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The Federal Trade Commission on Thursday said that it had settled charges of deceptive advertising with a public relations agency accused of shilling for developers of iOS games in Apple's iTunes App Store.
The company, Reverb Communications, and its owner Tracie Snitker, are accused of posting rave ratings (four or five stars) and reviews for iOS games on iTunes from November 2008 through May 2009.
"[T]he reviews for those gaming applications were not independent reviews reflecting the views of ordinary consumers," the FTC complaint says. "The reviews were created by employees of Reverb, a company hired to promote the gaming applications and often paid a percentage of the applications' sales."
Mary Engle, director of the FTC's Division of Advertising Practices, said in a statement that companies involved with online marketing must adhere to established truth-in-advertising principles.
"Advertisers should not pass themselves off as ordinary consumers touting a product, and endorsers should make it clear when they have financial connections to sellers," she said.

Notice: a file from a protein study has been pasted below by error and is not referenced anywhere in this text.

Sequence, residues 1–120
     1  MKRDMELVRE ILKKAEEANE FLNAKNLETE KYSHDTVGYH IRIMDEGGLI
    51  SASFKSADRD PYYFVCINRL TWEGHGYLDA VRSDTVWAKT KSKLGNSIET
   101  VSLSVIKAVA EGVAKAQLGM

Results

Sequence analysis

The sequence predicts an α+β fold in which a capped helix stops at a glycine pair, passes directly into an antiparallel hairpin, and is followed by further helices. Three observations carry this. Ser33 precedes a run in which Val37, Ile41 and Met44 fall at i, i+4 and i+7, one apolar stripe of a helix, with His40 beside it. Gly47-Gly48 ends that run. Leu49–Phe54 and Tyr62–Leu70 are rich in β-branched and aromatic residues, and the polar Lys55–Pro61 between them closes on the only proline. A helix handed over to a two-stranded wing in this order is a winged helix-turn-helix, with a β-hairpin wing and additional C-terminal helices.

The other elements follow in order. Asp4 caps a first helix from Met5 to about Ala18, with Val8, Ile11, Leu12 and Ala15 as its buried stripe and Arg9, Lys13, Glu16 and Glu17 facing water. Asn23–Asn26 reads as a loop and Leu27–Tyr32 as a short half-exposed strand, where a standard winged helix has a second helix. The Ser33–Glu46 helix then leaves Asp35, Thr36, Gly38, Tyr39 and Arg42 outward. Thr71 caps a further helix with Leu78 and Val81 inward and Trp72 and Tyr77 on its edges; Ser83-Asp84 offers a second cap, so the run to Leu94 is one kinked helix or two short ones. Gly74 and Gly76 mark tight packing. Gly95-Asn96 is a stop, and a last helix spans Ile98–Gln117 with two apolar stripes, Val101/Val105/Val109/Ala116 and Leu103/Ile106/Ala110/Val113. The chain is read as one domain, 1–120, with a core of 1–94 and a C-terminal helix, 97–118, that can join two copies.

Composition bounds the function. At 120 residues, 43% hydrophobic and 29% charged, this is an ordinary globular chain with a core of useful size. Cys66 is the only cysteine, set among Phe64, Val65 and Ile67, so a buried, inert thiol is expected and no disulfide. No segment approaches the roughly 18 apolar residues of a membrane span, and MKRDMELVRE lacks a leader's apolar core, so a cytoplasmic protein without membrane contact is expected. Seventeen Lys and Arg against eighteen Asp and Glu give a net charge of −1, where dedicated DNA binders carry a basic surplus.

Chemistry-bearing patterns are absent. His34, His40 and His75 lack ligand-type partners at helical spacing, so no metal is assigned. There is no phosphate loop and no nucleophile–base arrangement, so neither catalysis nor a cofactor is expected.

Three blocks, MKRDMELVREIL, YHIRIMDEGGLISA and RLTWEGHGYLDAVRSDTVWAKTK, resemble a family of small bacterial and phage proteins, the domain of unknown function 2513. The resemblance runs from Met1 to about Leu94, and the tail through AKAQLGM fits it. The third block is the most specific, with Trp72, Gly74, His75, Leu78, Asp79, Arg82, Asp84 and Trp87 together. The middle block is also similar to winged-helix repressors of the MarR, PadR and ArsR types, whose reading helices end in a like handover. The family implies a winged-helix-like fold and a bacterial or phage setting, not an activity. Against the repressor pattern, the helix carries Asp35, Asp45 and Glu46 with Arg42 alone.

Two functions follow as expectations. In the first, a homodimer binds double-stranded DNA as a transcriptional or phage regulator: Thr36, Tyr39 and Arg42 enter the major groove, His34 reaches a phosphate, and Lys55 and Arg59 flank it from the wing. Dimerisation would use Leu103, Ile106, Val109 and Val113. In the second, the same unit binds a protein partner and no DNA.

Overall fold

The FTC last year updated its guidelines for endorsements and testimonials to require that those posting online reviews who are connected to, or paid by, the seller disclose that relationship.
Nevertheless, fake reviews represent a longstanding problem that's unlikely to disappear any time soon. Last year, for example, Mark Reynoso, president of computer peripheral maker Belkin, apologized after "we discovered that one of our employees may have posted a number of queries on the Amazon Mechanical Turk Web site inviting users to post positive reviews of Belkin products in exchange for payment."
Also last year, online travel site TripAdvisor posted a warning to the effect that certain hotels listed on the site appeared to be attempting "to manipulate our popularity index by interfering with the unbiased nature of our reviews."
Companies that rely on user-generated content have tried to deal with the issue. Apple in 2008, for example, changed its review policy to require app reviewers to have purchased the app being reviewed.
But such measures haven't eliminated the problem. The issue is further complicated by the fact that the online companies hosting fake reviews generally benefit from shilling: Better reviews tend to mean greater revenue.
Convincing companies to take steps that will reduce sales remains a hard sell.